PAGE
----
Last week, we hosted our second charity design hack, here at the new Yoti HQ.
We design our charity hacks with two aims in mind. The first is to explore the ways in which the Yoti identity platform (which is free-of-charge for eligible charities) can help non-profits solve local and global problems. The second is to help provide the tools and nurture the confidence of charity staff to embrace digital technology.
In the spirit of being agile, we adapt the format of the event based on feedback and experience. Like our event in February, last week’s hack took the form of a design day, bringing non-profits together with developers graduating from Founders and Coders. However, this time, we shifted the timings so that the pitch took place on the same day as the design. In the morning, the participants work through their challenge to fully understand the problem. In the afternoon, they design a solution. At the end of the day, they pitch their idea to the developers, with a chance of winning a dedicated team of developers to build out a prototype of their solution.
We were thrilled to welcome Steve from Tickets for Good Foundation, Adriana from Global Action Plan, Katie from Civicus, Ben from The Entrepreneurial Refugee Network, Jason from Greenhouse Sports and Sonja from Power to Change as our second hack cohort. From an environmental charity with a mission to tackle our throwaway culture, to an organisation dedicated to supporting refugees to realise their ambition of starting a business, this was a very diverse group with two important things in common: a dedication to making positive change in the world, and the challenge of proving ID.
All of our participants beavered away throughout the day, with the guidance of the Founders and Coders developers and some of the Yoti team, who advised on the technical feasibility of the ideas. The challenges were, well, challenging! One charity needed a way to quickly obtain digital parental consent for young people to participant in their programme, when they might not have the contact details of the parent. Another needed to verify the referees of the users of their online service. There were some where existing Yoti products – such as Yoti biometric login – fit the bill. There were others where some of our products in the pipeline would work well. However, in every case, we were keen to encourage the teams to look at solutions that didn’t necessarily involve the Yoti platform.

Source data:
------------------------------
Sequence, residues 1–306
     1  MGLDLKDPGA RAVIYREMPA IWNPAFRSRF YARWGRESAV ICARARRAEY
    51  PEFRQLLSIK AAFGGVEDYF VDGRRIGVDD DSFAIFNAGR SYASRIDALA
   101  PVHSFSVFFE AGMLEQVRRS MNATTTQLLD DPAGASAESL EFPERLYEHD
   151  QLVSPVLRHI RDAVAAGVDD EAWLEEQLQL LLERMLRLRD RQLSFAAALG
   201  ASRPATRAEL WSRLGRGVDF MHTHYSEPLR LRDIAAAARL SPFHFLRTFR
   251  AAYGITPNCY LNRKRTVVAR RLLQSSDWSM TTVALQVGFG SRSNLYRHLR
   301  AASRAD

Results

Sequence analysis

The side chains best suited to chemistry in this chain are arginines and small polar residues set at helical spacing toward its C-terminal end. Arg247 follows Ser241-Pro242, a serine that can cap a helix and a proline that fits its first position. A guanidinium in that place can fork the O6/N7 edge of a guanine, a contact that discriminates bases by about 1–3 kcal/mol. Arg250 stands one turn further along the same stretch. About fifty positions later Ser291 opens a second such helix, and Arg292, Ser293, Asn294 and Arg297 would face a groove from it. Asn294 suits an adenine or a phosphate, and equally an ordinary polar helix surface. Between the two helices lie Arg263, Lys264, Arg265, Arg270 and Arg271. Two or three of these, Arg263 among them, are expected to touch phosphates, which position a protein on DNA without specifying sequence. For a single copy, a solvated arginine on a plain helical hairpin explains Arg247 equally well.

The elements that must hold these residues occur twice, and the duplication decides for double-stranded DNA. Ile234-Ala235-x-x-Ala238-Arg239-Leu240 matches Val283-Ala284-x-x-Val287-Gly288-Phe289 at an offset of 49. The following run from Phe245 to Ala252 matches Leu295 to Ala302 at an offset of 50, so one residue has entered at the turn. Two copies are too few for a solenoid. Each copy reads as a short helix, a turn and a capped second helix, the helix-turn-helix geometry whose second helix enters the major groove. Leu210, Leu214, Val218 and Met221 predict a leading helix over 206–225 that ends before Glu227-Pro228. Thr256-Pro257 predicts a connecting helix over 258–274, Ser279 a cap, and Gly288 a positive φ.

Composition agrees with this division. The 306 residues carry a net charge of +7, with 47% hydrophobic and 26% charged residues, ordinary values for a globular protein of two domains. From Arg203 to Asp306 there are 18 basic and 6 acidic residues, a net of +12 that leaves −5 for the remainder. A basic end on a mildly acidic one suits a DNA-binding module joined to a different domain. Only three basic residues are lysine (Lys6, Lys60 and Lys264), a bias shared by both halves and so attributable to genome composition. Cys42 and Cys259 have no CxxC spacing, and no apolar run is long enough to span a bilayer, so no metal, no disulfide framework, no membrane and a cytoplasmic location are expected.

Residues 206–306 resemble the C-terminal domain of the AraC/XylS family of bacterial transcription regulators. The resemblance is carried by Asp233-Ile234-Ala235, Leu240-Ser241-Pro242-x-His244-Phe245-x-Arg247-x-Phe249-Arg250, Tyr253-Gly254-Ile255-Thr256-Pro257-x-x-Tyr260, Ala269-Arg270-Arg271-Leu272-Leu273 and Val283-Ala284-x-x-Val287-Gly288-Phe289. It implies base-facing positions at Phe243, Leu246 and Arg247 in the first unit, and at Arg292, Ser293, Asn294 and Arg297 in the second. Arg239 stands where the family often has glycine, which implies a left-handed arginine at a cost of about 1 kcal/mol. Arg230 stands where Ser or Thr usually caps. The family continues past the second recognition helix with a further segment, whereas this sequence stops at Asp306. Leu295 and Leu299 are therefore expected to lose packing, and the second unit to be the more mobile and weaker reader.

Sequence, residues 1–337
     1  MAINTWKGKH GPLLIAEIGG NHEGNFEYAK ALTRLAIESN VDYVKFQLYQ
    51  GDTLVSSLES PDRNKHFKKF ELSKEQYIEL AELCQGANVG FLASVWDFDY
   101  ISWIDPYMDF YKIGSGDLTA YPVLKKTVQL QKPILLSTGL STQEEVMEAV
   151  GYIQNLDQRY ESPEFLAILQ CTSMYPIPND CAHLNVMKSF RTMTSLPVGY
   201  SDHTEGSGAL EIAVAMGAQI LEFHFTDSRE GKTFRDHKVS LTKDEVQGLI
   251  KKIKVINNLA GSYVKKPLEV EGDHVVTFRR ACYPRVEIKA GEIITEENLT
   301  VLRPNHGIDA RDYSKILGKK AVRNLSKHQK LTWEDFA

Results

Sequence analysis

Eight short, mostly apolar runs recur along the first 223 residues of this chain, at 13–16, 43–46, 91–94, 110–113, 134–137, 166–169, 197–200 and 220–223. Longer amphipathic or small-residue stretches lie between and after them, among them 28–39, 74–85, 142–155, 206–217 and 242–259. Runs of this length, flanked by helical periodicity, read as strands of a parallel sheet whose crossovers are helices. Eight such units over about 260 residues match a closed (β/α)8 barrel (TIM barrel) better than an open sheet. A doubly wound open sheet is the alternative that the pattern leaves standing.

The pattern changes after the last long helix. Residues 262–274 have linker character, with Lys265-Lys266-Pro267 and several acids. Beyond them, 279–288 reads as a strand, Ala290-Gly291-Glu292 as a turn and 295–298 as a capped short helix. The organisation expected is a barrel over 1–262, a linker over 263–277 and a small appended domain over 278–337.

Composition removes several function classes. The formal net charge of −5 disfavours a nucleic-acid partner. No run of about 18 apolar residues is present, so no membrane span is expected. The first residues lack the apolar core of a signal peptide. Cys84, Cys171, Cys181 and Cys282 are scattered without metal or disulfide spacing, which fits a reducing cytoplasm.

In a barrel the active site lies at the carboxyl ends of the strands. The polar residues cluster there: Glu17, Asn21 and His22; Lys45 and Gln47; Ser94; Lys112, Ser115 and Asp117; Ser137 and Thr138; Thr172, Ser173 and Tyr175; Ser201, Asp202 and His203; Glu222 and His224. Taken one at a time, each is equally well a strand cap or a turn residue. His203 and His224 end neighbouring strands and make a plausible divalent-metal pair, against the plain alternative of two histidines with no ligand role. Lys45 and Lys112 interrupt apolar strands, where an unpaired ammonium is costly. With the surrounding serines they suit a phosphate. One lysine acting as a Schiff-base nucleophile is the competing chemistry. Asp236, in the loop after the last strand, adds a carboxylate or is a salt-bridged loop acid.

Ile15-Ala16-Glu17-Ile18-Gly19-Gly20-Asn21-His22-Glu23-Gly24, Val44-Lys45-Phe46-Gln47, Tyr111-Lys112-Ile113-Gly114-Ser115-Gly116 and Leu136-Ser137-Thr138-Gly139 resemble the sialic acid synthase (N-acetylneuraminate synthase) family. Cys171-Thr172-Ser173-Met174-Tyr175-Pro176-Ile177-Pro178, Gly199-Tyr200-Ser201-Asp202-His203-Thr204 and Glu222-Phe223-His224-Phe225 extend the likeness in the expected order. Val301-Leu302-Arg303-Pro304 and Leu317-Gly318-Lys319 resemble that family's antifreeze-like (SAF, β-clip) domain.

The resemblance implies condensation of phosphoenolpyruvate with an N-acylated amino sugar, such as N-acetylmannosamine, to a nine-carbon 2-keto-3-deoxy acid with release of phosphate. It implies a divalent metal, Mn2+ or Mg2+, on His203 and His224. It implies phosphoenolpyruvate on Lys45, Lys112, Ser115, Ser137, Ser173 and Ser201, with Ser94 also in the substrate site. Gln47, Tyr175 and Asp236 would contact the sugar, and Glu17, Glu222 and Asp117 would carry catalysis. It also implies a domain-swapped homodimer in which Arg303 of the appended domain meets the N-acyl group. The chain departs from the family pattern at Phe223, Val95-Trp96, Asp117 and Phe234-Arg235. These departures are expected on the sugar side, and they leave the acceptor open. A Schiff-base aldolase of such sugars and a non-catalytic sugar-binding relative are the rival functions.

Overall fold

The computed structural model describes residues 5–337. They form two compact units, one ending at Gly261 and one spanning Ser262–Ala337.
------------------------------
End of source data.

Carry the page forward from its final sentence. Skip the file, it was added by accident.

By the end of the day, all of the participants had designed a conceptual solution and two were selected to benefit from a dedicated developer team to build out their idea. We’re really excited about what will come out of those projects. The participants also fed back that they’d appreciated the time and support to work through their challenges and get some clarity, even if their ideas weren’t taken forward. There were also some welcome surprises. In particular, there were a couple of attendees who discovered real synergies in their work, so much so, they might work together.
We’re keen to share our experience with other businesses considering running charity hacks, and keep improving on our events to make them as valuable as possible for the charity participants. If you’re a business or charity and have some ideas, we’d love to hear from you!
A big thank you to everyone who helped make this event happen – from the many people including our friends at CAST, NPC and NCVO who helped spread the word, the charities who participated, Yoti’s own Alttaf and Kiran, who provided technical guidance and, of course, Founders and Coders, who facilitated the day.